“It’s really important to do advanced preparation this year–starting in the Fall–to provide enough time to evaluate, calculate, and make adjustments in accordance with the new tax code. There are new ways to minimize your taxes, and as a result, some complex calculations may be necessary,” says Shellee Callahan, principal of K·Coe Isom’s tax team. She adds, “Many timelines have shifted, some filing dates will be hard to meet, and extensions will be needed for most filers.”
How Tax Changes Impact 1040 FilingsThere are significant tax reductions available at the Form 1040 level. Some of these reductions do not require anything other than reporting them correctly, while some will require additional reporting to qualify, and others may be significantly increased if you make changes in how your business operates.
- Additional reporting requirements apply to all flow-through entities and individuals.
- The basic 1040 has changed, as have all of the supporting schedules for anyone that owns a business, rents, property, etc.
- Individuals with commonly-owned pass-throughs/businesses will need a determination made (prior to filing returns) regarding whether an aggregation election is needed (this may require complex calculations to accurately identify whether to aggregate all, some, or none).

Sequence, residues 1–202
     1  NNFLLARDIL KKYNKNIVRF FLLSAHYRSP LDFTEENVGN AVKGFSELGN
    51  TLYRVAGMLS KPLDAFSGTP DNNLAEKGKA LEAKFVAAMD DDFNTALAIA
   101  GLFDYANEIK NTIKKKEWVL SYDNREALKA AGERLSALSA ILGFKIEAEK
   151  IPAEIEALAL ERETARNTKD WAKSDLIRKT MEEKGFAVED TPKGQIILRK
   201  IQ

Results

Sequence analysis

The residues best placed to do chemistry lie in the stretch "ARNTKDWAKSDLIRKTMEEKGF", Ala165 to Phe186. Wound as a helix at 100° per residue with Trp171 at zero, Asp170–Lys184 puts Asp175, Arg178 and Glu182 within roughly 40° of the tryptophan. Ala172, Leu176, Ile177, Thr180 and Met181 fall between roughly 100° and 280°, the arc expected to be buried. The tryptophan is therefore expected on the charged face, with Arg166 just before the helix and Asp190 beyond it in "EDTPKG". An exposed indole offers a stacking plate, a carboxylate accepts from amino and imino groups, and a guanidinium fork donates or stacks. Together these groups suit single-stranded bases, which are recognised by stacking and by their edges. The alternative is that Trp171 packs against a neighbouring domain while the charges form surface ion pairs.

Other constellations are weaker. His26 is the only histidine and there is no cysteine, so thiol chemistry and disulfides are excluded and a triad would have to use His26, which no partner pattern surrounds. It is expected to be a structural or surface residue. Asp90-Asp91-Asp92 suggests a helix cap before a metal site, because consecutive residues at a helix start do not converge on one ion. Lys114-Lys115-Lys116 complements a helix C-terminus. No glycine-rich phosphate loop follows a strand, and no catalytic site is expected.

- Due to delays at the IRS in finalizing and issuing tax forms and instructions, updated tax filing software is expected to be released much later than in past years, and the timeline for preparation and filing returns will likely be delayed as late as early March.
Fall Prep and Action Items Needed
- Initiate any necessary tax planning in the Fall: planning should be discussed with your accountant well in advance of preparing returns to provide time to capture advantages and understand the impact of the new tax code. (As returns could be more complex under the new tax code, they may require additional calculations and time to take advantage of new tax opportunities and how they can be applied to minimize taxes.)
- Farmers should consider converting from a 3/1 date to a 4/15 filing date: due to the expected delay of forms this year, if you are a farmer and normally file by the 3/1 due date, you may want to file 4/15 or later. (Planning will be necessary in the Fall, and payments for Q4 estimates will be due by January 15, 2019.)
- File an extension: due to the later release of tax filing software, an extension may be necessary for virtually all business owners. If all of your information can not be obtained by March 20, 2019, an extension will likely be necessary.